Get a buddy
Okay, we know that you’re a solopreneur, but that doesn’t mean you really have to do it all alone.
In addition to outsourcing, you can share support, heartaches and productivity tips with a fellow solopreneur, herein referred to as your buddy.
Your buddy is someone who reminds you that it’s okay to ask for help. Ideally they’re also a small business owner or solopreneur, and are either in a similar stage of their business or a bit ahead of you.
Buddies offer each other support when they’re feeling stressed, overwhelmed or just plain lonely. Buddies give each other a much needed break from being a leader, and make it okay to say “I don’t know.”
Buddies can hold you to that schedule you created in section one while encouraging you to seek balance. They’re great for weekly (or daily) phone calls to make sure you’ve met your goals. They can be a sounding board for creative ideas or a shoulder to cry on in times of failure.
Who knows? You may even find your buddy relationship leading to a more formal partnership or joint venture. If that happens…
Be open to change
Like collaborating with freelancers, starting a joint venture or partner project can be terrifying, especially if you thought you’d always be on your own.
Business partnerships are just like romantic relationships – you have to compromise, listen, communicate your needs and clean up after yourself.
Even if you’ve mastered all of our productivity tips, you still may feel apprehensive at the idea of working with a partner. After all, in addition to sharing responsibilities, you’ll also be sharing the success, profits and notoriety. And who wants to give any of that up?
It’s perfectly fine to stay solo. However, should a partnership opportunity present itself, take a few deep breaths before making any rash decisions.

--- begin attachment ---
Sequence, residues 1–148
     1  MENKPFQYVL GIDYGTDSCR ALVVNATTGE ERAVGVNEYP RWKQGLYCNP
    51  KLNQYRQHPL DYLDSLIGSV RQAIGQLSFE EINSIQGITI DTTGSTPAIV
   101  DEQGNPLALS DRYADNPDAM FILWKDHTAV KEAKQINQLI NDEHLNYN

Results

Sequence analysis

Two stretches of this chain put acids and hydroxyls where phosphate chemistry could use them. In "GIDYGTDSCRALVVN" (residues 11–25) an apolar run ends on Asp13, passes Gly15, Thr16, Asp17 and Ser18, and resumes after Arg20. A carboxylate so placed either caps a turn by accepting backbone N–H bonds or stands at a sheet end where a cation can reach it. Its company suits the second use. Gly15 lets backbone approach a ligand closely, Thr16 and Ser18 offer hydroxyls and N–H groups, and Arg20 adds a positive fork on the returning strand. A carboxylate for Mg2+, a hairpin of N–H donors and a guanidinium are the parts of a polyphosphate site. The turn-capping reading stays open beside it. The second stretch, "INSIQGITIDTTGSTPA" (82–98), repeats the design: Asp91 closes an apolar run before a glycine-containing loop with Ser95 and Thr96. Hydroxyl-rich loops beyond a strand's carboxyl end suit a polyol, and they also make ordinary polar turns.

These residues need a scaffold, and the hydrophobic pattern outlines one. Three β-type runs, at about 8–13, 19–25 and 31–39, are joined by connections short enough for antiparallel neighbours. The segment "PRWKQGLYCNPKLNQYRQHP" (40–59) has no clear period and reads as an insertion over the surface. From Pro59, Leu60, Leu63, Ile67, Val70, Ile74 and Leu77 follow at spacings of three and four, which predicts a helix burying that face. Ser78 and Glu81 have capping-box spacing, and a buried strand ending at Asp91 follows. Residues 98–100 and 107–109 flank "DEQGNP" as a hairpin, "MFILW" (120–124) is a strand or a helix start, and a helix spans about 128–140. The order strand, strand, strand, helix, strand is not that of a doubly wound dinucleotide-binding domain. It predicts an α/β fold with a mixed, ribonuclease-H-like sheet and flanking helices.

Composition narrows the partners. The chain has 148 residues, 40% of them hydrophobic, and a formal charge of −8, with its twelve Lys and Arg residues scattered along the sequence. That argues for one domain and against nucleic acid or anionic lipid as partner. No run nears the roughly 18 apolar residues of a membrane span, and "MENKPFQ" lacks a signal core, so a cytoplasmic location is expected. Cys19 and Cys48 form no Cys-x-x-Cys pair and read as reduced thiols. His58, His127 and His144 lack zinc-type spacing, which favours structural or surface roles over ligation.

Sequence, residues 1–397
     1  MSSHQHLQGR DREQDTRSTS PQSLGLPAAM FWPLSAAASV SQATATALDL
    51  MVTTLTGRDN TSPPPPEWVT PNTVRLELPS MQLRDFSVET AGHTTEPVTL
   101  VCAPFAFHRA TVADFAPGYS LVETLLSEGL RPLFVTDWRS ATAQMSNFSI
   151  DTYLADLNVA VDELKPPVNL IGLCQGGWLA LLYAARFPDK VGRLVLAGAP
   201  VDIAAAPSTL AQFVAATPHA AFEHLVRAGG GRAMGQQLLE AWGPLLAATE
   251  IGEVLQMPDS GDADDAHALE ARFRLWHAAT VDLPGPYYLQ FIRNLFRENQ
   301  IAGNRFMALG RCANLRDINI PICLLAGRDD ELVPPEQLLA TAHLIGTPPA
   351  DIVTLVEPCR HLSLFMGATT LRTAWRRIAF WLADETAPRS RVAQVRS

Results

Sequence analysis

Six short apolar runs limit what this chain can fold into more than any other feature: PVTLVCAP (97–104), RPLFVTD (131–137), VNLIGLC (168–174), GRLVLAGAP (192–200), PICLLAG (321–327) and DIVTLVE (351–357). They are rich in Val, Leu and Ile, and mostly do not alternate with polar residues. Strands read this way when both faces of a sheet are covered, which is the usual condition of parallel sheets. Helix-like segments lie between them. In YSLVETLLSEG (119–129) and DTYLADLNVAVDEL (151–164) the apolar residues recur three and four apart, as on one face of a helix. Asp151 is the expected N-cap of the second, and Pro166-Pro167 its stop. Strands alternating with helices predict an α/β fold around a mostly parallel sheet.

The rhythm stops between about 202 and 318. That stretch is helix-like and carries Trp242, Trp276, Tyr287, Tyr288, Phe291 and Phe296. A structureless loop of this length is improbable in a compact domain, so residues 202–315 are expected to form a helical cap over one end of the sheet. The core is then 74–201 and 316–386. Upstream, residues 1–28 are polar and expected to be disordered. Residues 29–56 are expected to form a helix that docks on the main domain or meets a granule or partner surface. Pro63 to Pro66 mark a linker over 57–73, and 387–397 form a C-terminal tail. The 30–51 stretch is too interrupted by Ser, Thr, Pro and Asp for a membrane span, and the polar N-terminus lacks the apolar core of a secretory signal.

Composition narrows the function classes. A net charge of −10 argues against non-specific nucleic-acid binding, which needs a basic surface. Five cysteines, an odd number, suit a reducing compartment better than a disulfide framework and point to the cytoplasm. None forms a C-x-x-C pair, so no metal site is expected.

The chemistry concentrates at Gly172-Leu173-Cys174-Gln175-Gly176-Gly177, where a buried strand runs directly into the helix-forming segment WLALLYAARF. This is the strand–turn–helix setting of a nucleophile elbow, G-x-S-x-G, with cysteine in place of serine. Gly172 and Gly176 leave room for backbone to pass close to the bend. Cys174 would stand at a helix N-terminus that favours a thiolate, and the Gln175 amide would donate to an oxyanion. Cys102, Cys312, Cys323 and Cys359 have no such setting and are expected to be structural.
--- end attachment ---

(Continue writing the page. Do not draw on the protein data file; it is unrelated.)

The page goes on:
After all, wildly successful companies like Infusionsoft, Hewlett Packard, and McDonald’s all have strong business partnerships at their core. Heck, even Coco Chanel, who partnered with Pierre Wertheimer, found strength in numbers.
Working with a partner, even on a small project or joint venture, provides you with opportunities you may never have as a solopreneur. Partnerships provide double the resources, double the networking connections, and – dare we say it? – double the fun!
Partnering has its share of challenges, of course. Be sure to test drive your partner with a smaller project before committing to a long term venture. You’ll want to make sure that your personal working styles, communication skills and expectations are well suited to each other, and that you share similar goals for the direction of the venture.
If you only remember one of our solopreneur productivity tips, remember this one: always get it in writing!
Even if you’re working on a limited project that takes up a short amount of your time and a small amount of resources, create a basic written agreement that you both approve of.
Even if no money is being made or exchanged, you and your partner are creating intellectual property together, and that has value.
Even if (no, especially if) you’re friends with your partner, always get it in writing. It’s better to endure a modicum of awkwardness now than a hugely-giant-messy-awful-heartbreaking lawsuit later.
With these productivity tips, you’ll effortlessly move into the role of a savvy solopreneur who meets scheduling, organizational, leadership and collaborative challenges with ease and grace.
1. Slim, Pamela. The Partnership Playbook.
photo credits: flickr.com, socialmeep.com